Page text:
(Compiled and written by David Kenison, Orem, Utah,

[Jacob Hamblin served for years as "an apostle to the Indians" in southern Utah. He was a great peacemaker between the Mormon colonists and the natives. This story of his conversion hints at the greatness to come...]In February 1842, a neighbor called at my house and told me that he had heard a Mormon elder preach. He asserted that he preached more Bible doctrine than any other man he had ever listened to, and that he knew what he preached was true. He claimed that the gospel had been restored to the earth, and that it was the privilege of all who heard it to know and understand it for themselves.

What this neighbor told me so influenced my mind that I could scarcely attend to my ordinary business.The elder had left an appointment to preach again at the same place, and I went to hear him. When I entered the house he had already commenced his discourse. I shall never forget the feeling that came over me when I saw his face and heard his voice. He preached that for which I had long been seeking. I felt that it was indeed the gospel.

The principles he taught appeared so plain and natural that I thought it would be easy to convince anyone of their truth. In closing his remarks, the elder bore testimony to the truth of the gospel. The query came to my mind, How shall I know whether or not these things are so, and be satisfied? As if the Spirit prompted him to answer my inquiry, he again arose to his feet and said: "If there is anyone in the congregation who wishes to know how he can satisfy himself of the truth of these things, I can assure him that if he will be baptized, and have hands laid upon him for the gift of the Holy Ghost, he shall have an assurance of their truth."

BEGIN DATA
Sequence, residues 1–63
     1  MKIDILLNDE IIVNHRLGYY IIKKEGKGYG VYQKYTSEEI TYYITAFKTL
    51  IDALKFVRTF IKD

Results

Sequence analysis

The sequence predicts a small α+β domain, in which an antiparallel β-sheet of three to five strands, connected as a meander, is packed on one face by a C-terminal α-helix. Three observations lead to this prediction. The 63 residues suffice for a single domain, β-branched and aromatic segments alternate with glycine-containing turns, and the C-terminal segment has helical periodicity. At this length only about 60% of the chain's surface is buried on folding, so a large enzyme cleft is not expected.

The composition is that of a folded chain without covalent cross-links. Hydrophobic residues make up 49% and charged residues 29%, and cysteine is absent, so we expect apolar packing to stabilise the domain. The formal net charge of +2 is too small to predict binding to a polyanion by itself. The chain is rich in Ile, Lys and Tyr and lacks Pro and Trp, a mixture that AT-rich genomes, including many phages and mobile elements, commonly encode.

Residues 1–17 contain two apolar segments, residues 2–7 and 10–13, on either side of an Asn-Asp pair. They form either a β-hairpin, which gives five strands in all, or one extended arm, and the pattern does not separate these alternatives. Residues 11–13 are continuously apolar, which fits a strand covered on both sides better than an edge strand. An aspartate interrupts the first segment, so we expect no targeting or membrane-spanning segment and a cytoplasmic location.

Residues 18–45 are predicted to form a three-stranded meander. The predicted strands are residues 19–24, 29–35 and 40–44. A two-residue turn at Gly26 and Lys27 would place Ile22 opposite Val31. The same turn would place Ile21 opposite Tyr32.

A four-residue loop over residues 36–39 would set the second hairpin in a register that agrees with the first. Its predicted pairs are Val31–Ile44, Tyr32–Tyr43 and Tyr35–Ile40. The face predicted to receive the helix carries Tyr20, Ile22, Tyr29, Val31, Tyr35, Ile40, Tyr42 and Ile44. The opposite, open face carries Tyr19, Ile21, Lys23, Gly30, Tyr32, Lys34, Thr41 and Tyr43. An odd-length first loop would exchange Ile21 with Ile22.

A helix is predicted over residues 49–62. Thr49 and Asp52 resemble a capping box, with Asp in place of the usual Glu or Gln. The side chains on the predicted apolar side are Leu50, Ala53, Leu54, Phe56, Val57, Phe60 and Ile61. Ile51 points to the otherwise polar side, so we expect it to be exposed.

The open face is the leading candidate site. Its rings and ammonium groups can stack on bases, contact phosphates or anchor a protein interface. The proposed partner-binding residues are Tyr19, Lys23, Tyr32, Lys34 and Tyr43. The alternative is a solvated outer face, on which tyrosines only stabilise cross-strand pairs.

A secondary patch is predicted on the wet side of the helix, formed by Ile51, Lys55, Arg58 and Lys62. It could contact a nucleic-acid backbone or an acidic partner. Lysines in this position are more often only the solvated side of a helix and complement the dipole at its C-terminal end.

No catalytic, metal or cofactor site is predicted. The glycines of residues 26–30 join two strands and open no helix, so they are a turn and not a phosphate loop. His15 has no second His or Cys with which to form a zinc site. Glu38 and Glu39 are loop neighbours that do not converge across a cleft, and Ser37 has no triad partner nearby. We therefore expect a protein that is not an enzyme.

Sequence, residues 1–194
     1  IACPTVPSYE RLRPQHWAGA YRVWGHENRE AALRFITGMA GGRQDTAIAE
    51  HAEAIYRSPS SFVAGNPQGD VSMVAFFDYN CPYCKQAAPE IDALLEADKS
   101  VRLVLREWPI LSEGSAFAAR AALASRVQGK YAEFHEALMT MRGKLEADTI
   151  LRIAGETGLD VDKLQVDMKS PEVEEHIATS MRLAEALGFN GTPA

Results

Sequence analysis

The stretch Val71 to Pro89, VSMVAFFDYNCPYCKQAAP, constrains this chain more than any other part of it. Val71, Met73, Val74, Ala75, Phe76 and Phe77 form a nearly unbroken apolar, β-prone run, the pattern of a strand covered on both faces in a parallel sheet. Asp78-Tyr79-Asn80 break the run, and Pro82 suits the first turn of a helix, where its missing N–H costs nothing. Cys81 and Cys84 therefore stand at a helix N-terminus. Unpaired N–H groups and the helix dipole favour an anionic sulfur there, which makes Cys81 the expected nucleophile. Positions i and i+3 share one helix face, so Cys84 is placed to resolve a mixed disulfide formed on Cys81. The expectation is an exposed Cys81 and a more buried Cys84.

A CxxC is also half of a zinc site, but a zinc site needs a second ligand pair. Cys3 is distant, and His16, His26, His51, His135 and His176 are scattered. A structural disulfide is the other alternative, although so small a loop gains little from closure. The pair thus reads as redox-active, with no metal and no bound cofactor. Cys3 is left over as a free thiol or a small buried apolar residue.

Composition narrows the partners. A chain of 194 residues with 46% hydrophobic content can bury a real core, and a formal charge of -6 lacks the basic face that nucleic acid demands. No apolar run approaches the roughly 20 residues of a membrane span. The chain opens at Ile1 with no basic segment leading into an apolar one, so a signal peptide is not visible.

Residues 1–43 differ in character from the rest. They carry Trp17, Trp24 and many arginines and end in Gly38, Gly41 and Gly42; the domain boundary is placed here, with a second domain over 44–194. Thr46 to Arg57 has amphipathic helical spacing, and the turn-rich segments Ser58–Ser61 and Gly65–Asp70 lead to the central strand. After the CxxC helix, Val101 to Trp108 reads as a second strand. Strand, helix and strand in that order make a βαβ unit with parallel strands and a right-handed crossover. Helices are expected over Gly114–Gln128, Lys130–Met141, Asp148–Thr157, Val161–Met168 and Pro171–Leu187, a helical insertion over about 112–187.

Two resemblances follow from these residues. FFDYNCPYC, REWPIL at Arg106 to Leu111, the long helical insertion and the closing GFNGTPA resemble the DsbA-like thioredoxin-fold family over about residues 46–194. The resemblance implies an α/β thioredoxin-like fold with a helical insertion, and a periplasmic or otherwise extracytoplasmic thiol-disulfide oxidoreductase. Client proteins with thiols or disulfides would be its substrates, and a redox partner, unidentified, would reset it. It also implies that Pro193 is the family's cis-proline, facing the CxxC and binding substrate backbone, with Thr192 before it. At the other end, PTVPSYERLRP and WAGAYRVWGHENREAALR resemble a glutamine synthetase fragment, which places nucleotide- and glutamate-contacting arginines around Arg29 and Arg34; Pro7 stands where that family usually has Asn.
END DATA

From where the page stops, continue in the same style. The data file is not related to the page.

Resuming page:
This so fired up my mind that I at once determined to be baptized, and that too, if necessary, at the sacrifice of the friendship of my kindred and of every earthly tie. I immediately went home and informed my wife of my intentions. She told me if I was baptized into the Mormon Church, I need not expect her to live with me any more. [She did eventually leave him, and he remarried in 1849.]

The evening after the elder had preached I went in search of him and found him quite late at night. I told him my purpose and requested him to give me a "Mormon Bible." He handed me an Old and New Testament. I said, "I thought you had a new Bible." He then explained about the coming forth of the Book of Mormon and handed me a copy of it. The impression I received at the time cannot be forgotten. The Spirit rested upon me and bore testimony of its truth, and I felt like opening my mouth and declaring it to be a revelation from God.

On the 3rd of March, 1842, as soon as it was light in the morning, I started for a pool of water where I had arranged to meet the elder, to attend to the ordinance of baptism. On the way, the thought of the sacrifice I was making of wife, of father, mother, brothers, sisters, and numerous other connections, caused my resolution to waver.

As my pace slackened, some person appeared to come from above, who I thought was my grandfather. He seemed to say to me, "Go on, my son; your heart cannot deceive, neither has it entered into your mind to imagine the blessings that are in store for you, if you go on and continue in this work." I lagged no more, but hurried to the pool where I was baptized by Elder Lyman Stoddard.

(Pearson H. Corbett, _Jacob Hamblin, the Peacemaker_, pp. 9-10)